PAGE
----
Photo Caption: Northern mockingbirds are best known for their ability to mimic the songs of other birds. Both males and females sing, and repertoires of 200 songs have been recorded.Northern mockingbirds are best known for their ability to mimic the songs of other birds. Both males and females sing, and repertoires of 200 songs have been recorded. (Photo credit: mrmac04 at morguefile.com)
Good Natured: Mockingbirds
April 3, 2020
Maybe all this social distancing is starting to get to me. Or maybe I watched too much TV as a kid. But do you know what show has been on my mind these past few weeks?
I know, weird, huh? It’s not like Herman, Lily and the gang are enjoying any sort of resurgence in popularity. And to be honest, I was never that big a fan anyway, with my taste in humor running more toward Uncle Fester and The Addams Family.
The reason I’ve been thinking about Grandpa, Eddie and poor cousin Marilyn, et al, actually has more to do with their address: 1313 Mockingbird Lane in Mockingbird Heights, CA. Because, believe it or not, over the past few weeks St. Charles has acquired a mockingbird neighborhood of its own!
This nature adventure began on Thursday March 12, as I was walking to work. A ton-yes, that is an official scientific term I just made up-of robins had descended on the lawns at and around Davis School. I was counting and playing my usual One of These Things (Is Not Like the Others) game, not really expecting any results, when… Whoa! One of those robins didn’t look quite right.
The bird’s profile was slimmer and its posture was more upright; and rather than foraging on the ground, it was watching the action from up on a utility line. Its tail looked longer by a skosh (another scientific term) and it angled up and out instead of down.
I slowed my ambling pace down to a crawl, then a dead stop. The robins couldn’t care less, but the bird on the wire eyed me suspiciously, giving me pretty much the same look I was giving it. Then it flew, and I got the a-ha moment I, with my myopic vision, had been hoping for: big white patches on both wings!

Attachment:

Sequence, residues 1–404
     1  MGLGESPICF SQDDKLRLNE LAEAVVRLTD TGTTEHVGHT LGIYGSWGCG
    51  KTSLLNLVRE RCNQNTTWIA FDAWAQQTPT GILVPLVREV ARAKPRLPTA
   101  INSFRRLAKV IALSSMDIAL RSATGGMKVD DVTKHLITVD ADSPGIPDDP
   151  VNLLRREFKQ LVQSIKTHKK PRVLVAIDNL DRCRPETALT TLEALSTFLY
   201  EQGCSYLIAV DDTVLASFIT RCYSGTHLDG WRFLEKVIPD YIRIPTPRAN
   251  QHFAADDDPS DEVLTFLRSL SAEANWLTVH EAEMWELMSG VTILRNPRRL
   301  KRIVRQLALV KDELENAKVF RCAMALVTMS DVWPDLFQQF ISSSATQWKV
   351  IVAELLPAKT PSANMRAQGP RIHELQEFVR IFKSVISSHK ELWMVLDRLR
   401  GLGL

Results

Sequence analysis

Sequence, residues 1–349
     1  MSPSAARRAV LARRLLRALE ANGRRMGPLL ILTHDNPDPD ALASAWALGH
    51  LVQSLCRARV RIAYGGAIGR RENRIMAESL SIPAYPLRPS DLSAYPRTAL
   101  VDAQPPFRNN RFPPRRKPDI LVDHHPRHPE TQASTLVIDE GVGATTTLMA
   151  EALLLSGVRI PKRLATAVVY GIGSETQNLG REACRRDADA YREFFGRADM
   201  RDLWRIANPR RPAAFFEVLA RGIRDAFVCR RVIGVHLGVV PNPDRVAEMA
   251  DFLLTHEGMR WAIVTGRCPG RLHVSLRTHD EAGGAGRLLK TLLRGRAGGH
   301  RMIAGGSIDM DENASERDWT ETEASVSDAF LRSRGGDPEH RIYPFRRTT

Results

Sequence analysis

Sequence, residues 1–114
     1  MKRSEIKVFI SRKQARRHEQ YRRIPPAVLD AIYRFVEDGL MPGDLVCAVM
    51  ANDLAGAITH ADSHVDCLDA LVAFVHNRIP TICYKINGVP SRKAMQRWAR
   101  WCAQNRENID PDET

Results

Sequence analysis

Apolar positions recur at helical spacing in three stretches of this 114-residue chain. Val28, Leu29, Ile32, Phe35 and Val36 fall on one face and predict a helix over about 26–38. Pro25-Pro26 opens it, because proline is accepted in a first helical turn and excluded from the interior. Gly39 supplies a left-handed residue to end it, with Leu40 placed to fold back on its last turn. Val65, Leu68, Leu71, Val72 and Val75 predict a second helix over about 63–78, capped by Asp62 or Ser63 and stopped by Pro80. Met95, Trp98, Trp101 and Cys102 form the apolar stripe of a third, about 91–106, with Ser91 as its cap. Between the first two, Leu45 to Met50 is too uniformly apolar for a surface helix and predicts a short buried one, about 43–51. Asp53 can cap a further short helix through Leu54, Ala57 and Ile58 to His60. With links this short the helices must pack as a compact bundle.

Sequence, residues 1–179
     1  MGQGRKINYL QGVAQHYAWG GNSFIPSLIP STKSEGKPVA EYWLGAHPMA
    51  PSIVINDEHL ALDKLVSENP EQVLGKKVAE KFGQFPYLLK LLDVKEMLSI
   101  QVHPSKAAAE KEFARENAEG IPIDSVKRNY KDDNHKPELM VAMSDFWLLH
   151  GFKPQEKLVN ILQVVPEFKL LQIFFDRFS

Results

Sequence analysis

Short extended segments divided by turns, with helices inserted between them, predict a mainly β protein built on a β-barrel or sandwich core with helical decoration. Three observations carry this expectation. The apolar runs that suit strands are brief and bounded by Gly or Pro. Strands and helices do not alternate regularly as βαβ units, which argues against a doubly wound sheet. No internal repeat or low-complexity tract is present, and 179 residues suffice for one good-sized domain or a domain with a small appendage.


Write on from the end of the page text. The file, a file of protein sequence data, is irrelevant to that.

Now, there are only two birds I can think of I this area that are that size and have bold white on the wings, and neither is common. One is the red-headed woodpecker, which this bird most certainly was not. The other is…wait for it…the northern mockingbird!
Mimus polyglottos-the “many-tongued mimic” is listed as rare on Kane County Audubon’s Birds of Kane County Checklist. But the species is also starred, indicating that it might possibly breed in the area. I pondered these details as I resumed my walk, and vowed to keep an eye out for the bird in the coming days.
The next day was March 13, a Friday. You might recall, it was also the day that announcements of school closures and program cancellations due to COVID-19 began. The mockingbird, however, was delightfully unaffected by this news and showed up, once again, on the utility lines and a nearby fence.
On March 16, with Davis School closed to students, M. polyglottos had a literal field day in the distinctly quieter neighborhood, and by Thursday the 18th was displaying many of the characteristics the species for which the species is known. I watched as the bird chased several robins away from its foraging area on the ground, and again when a few dared sample crabapples in a parkway tree. I listened as the bird, which I assume to be male, as they’re usually ones to arrive first, performed a few riffs of other birds’ songs. Let me tell you, he was impressive!
He started off with a few renditions of the northern cardinal’s song, a hearty “birdie, birdie, birdie.” He continued with some rounds of the robins’ “cheery-up, cheerio” song. Then he muttered something else I didn’t quite catch before taking off and disappearing into a tall conifer midway down the block.
As of Friday, March 27 the bird was still in the area. Does that mean it’s here to stay? I’m not quite sure.
Those behaviors it is displaying-the singing, the chasing-would certainly seem like it was setting up and defending a breeding territory. But mockingbirds are one of those species that is chatty and defensive all year round, not just during the breeding season.
Another factor that will likely determine its longevity in the area is whether a Mrs. Mockingbird comes along. I could be mistaken, but since I’ve so far only seen one bird at a time, I’m thinking there’s only one individual here. And that does not seem like the best strategy for perpetuating the species.
Time of course will tell. And that’s one commodity we have plenty of these days! If you’re looking for an activity that will allow for some exercise (as the bird is pretty mobile) as well as the right amount of social distancing, head on over to Mockingbird Lane, er, Seventh Street, where it intersects with Horne in St. Charles.
Be patient as you wait for the bird to show, and use your ears as well as your eyes. This bird is bold and boisterous and, I guarantee, every bit as entertaining as binge-watching episodes of The Munsters.
Pam Otto is the outreach ambassador for the St. Charles Park District. Her office remains closed but you can leave her a voicemail at 630-513-4346 or an email at firstname.lastname@example.org.